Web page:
The English walnut, or juglans regia, is a medium to large deciduous tree. This sun-loving Persian native thrives in well-drained, nutrient-rich soils, producing foliage up to 18 inches long with odd-numbered, ovate leaflet. The light, ash colored bark develops into flattened, diamond shaped ridges with stout, light brown branches and twigs. The English walnut, often referred to as the Persian walnut, is intolerant to cold weather and suffers injury from late freezes and spring cold. The tree is also susceptible to several diseases which can be permanently damaging, if left untreated.
Walnut anthracnose is a fungal disease that results in leaf blotch. This disease is transported through fungal spores called ascospores, which take shelter on fallen leaves around the English walnut and remain in place during the winter months. As spring approaches, wind and rain sweep these spores onto newly developing foliage. Infected trees will begin to show symptoms within two weeks, developing dark spots and black fruiting fungus on foliage and nuts. The foliage will also yellow, and the nuts will develop lesions. The English walnut will experience early defoliation, stunting growth and weakening the tree, which can eventually kill it if left untreated. Fungicidal sprays containing dodine provide effective control and treatment of walnut anthracnose. Treatments should begin in the early spring, as the young leaves develop.
Walnut blackline is a viral disease that infects the English walnut through its root system. Blackline infects the tissues at the graft union, inhibiting the tree’s ability to transport water and nutrients throughout the tree. The crown of the tree will usually display symptoms of infection before the lower branches and foliage. Symptoms include yellowing, wilting and drooping of foliage, defoliation and dieback. When grafted, the infected trunk will display a black line at the area of infection that will extend around the trunk as the virus progresses. Infected trees will suffer loss of vigor and extensive weakening of branches after several years of stress and defoliation. Though mature walnut trees are most susceptible, some young trees can become infected. No treatment or cure exists for blackline.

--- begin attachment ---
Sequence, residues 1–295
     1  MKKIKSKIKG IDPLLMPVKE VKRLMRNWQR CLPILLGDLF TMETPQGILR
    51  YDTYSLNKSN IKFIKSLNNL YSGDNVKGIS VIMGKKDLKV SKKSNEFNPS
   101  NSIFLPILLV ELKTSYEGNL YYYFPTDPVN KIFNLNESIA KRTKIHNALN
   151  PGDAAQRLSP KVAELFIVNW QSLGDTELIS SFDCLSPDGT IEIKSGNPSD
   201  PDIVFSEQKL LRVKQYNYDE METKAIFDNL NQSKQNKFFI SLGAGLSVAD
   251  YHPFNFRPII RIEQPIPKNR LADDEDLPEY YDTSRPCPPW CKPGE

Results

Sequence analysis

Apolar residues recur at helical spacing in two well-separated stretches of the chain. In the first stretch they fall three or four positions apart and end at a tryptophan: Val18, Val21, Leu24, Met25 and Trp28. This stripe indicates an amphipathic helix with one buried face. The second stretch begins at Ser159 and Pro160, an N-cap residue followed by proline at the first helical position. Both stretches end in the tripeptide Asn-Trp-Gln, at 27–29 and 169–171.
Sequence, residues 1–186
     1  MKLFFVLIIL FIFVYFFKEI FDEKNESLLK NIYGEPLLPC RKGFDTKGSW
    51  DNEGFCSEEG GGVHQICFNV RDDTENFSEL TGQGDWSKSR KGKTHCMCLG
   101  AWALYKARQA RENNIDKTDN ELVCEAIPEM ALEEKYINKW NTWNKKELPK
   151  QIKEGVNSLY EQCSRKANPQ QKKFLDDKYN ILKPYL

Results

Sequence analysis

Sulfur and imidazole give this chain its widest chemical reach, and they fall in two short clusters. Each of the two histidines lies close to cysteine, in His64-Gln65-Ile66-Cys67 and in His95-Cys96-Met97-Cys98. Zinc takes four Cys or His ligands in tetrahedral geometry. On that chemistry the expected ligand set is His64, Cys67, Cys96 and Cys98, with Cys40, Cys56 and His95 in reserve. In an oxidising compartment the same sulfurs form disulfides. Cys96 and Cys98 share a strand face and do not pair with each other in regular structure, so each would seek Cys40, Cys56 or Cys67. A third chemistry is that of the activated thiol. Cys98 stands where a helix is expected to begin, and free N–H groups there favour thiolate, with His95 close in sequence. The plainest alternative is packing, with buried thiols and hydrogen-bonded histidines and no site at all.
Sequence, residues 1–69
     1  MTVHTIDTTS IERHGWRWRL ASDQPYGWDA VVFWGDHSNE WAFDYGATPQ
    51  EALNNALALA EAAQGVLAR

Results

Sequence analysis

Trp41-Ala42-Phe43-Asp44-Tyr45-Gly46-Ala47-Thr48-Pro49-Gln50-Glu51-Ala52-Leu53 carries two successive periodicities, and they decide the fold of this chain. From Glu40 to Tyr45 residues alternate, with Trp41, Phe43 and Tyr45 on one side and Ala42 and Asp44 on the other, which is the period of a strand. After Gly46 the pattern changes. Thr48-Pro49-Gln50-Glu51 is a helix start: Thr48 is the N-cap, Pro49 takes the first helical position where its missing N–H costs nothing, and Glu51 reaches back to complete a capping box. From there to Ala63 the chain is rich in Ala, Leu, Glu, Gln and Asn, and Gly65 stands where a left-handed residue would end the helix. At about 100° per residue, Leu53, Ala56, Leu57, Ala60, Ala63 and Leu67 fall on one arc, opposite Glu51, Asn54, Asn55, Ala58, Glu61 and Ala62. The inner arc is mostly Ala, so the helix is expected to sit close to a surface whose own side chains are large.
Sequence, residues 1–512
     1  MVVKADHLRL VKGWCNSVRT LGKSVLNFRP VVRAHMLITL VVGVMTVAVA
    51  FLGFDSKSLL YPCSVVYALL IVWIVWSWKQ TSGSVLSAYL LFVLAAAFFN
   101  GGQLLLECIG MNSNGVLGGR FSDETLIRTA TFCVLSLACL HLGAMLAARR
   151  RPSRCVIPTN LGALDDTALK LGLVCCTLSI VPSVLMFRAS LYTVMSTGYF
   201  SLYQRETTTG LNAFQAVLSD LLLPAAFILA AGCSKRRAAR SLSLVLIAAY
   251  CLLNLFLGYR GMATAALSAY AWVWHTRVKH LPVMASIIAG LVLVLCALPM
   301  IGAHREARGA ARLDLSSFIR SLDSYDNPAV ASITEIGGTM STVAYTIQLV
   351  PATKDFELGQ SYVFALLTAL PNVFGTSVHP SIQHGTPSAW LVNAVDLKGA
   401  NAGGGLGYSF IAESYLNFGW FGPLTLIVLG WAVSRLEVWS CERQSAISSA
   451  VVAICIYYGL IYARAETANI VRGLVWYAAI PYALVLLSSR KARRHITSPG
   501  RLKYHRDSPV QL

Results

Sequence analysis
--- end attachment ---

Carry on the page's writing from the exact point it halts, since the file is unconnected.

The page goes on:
Deep Bark Canker
Deep bark canker is a bacterial disease that enters the tree through wounds in the wood that expose the phloem. Once the bacterium has entered the tree’s system, it interferes with the phloem’s ability to transport nutrients, resulting in reduced vigor and stunted growth. The infected tree will develop small dark spots and deep cankerous cracks in the trunk and branches. The cankers will ooze a dark, reddish discharge. Deep bark canker will progress upward through the tree but never spreads to the root system. Though no cure or treatment exists for this disease, it can be controlled. Infected areas should be pruned from the tree when possible. Proper irrigation, feeding and pruning schedules will assist in maintaining the tree’s vigor, thereby preventing the disease from ravishing the system.
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